Retrenched Petrotrin workers may be facing a bleak Christmas this year having lost their jobs but the company officials say all outstanding arrears for back pay will be paid by January 15.
The commitment was given as president general of the Oilfield Workers Trade Union Ancel Roget sat down for a meeting with Prime Minister Dr Keith Rowley on Wednesday afternoon to discuss issues facing almost 10,000 workers.
Petrotrin said calculations of outstanding back pay for non-permanent (temporary and casual) workers was well advanced and workers can expect to receive payment no later than January 15.
"Some 2,069 of Petrotrin’s former non-permanent workers are owed back pay for the seven-year period 2011 to 2018.
The process for determining the amounts owed to each worker requires a considerable amount of detailed work – in any one year an individual may have worked in different jobs for different periods of time at different salaries/wages – each individual case, therefore, has to be researched thoroughly and calculated independently," Petrotrin said.
Saying preparation for payment is ongoing, Petrotrin said 75 per cent of calculations have been completed and the team expects to be in a position
to make payments on or before 15 January 2019.
"The Company is committed to ensuring that each eligible worker receives the monies due to them as quickly as practical and is working towards its commitment," Petrotrin said.
Speaking to the Guardian yesterday, Roget said he will make a statement to the media after his meeting to discuss promises to lands and housing to the retrenched workers.
On Monday while speaking in the House of Representatives, Rowley outlined six opportunities for retrenched workers which included ownership of a serviced housing lot.
He said workers will get high-quality housing and fully developed lots supported by subsidised interest rate mortgage loans from the Trinidad and Tobago Mortgage Finance Company (TTMF) as well as pre-approved house plans, technical assistance and oversight for the construction of affordable houses through the Government’s Aided Self Help Housing Programme.
Saying there were already substantially developed housing lots available under the Aided Self-Help Housing Programme in La Romaine, Picton, Cedar Hill, Couva, Carapichaima, California and Chaguanas, Rowley said first-time homeowners will benefit.
He also said that government had identified residential sites for the development of more housing lots in Usine Ste Madeleine, La Romaine, Pointe a Pierre, Claxton Bay, California, Waterloo, Jerningham Junction, and Chaguanas which can be given to Petrotrin workers.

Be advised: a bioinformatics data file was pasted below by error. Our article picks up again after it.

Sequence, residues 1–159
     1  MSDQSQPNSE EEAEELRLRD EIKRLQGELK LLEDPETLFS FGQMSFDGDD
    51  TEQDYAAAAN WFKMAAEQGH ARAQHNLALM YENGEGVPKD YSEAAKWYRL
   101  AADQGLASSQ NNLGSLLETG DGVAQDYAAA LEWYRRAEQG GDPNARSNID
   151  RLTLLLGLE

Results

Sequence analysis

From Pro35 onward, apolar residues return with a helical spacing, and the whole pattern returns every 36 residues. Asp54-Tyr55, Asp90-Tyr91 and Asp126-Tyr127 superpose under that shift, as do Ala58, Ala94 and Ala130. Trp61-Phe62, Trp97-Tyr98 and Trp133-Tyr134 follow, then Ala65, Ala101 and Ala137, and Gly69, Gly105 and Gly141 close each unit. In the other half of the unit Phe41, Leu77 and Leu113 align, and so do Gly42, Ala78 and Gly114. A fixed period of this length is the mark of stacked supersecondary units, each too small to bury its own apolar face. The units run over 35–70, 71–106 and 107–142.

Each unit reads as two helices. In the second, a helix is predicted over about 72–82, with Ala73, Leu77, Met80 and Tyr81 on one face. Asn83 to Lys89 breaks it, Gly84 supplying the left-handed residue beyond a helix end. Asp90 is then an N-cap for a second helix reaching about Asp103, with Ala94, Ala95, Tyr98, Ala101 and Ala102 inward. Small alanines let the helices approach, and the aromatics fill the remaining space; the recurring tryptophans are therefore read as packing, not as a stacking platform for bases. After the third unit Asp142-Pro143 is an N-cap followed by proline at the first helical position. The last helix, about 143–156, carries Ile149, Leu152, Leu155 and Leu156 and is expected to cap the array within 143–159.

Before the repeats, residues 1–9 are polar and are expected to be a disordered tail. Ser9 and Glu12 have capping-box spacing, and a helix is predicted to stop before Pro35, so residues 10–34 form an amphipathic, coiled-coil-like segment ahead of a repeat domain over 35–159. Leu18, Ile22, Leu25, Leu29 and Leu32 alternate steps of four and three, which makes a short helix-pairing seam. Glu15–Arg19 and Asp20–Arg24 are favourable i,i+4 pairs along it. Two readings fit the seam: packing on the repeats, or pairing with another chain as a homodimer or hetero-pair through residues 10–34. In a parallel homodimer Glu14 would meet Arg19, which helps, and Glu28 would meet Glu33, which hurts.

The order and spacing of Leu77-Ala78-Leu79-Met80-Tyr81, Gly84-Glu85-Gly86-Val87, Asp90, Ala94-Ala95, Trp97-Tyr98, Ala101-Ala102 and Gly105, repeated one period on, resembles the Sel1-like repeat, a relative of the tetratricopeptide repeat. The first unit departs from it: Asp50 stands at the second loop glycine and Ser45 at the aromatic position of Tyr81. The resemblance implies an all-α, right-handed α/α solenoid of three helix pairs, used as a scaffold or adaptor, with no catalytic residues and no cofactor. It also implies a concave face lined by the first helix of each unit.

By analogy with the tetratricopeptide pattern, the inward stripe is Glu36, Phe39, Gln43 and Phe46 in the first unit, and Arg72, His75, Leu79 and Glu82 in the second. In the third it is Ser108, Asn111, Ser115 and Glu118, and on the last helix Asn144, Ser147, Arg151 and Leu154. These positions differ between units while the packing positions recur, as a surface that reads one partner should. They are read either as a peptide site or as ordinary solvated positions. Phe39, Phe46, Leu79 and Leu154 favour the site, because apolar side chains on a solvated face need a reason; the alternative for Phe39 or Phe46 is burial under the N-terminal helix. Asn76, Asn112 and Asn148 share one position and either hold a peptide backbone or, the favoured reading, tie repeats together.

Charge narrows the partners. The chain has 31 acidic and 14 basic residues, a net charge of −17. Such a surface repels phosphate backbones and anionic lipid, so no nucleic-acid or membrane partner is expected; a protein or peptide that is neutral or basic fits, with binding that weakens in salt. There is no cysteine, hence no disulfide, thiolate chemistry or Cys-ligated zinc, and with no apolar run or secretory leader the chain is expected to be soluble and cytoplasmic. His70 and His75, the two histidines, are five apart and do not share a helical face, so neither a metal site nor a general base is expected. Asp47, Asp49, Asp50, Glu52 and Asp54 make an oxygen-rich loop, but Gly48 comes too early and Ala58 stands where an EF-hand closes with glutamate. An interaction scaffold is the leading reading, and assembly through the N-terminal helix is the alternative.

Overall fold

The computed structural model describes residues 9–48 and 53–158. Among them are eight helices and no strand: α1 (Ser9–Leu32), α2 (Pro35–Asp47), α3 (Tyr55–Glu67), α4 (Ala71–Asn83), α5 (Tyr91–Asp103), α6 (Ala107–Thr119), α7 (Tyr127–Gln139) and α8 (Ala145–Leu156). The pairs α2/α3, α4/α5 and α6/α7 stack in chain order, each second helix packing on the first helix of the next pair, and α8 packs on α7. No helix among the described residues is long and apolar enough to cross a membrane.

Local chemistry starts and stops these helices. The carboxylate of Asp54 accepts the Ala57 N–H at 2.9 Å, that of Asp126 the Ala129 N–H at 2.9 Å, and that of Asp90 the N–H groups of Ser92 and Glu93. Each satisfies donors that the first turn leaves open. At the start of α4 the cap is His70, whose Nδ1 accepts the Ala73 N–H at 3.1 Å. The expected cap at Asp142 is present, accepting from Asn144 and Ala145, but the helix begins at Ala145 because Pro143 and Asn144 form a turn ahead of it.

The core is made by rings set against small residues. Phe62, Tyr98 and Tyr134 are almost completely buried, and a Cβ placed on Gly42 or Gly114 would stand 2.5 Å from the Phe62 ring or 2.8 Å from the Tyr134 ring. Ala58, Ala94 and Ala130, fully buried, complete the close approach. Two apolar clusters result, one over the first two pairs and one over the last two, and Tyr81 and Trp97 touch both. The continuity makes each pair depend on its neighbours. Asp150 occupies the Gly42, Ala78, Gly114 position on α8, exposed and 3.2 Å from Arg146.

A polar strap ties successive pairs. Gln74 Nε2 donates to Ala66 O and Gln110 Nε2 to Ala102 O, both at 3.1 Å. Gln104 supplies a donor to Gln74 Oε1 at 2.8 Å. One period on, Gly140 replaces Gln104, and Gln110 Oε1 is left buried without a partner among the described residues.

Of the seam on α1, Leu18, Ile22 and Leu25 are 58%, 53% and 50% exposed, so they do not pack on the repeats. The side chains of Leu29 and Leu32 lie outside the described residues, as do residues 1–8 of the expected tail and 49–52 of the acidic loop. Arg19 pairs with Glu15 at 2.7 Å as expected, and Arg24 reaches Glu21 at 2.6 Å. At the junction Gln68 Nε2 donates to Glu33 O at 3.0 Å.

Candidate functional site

He also said government had identified residential sites for the development of housing lots in Warden Road, Point Fortin; Sudama Village and Standard Village in Fyzabad; Sand Pit in Fyzabad; Sobo Extension Road; at the old Antilles Camp; in Vance River, Cashew Patch, Guapo Road, Quarry Village, Santa Flora, Los Bajos, Palo Seco, Rancho Quemado, Buenos Ayres, Los Charos and Los Iros.
Suitable agricultural land will also be made available in Felicity, Basta Hall, Windsor Park, Quarry, Los Iros, La Brea, Point Fortin, Barrackpore and Guayaguayare.
Workers need psychological aid
Several former Petrotrin workers said they were facing psychological turmoil since Petrotrin was shut down.
A man who worked at Petrotrin for 20 years said he applied for a position but when he went for the interview he was offered a position which he knew nothing about.
"They are hiring staff in an ad-hoc manner. This is risky and will cause problems. I am taking some time off before I decide what to do after Christmas," the worker said.
Another worker said he was aa with the offer of lands and houses. However, he said when Caroni 1975 Limited was shut down in 2003, workers were also promised a golden handshake inclusive of lands and houses.
"It is 15 years now and many of them dead without gettings lands. I
am not going to put faith in the Prime Minister's promise until I see it materialize," the worker said.
The wife of another ex-refinery worker said she has taken her husband to get counselling because he was having difficulty eating and sleeping.
"It is difficult waking up one morning and not having a job," she said.
More than 1,000 workers had accessed psychological counselling before Petrotrin was officially shut down and the four new entities came on stream.
However, workers said it was important for social workers to reach out to staff as unemployment was taking a toll on the families.
Reporter: Radhica De Silva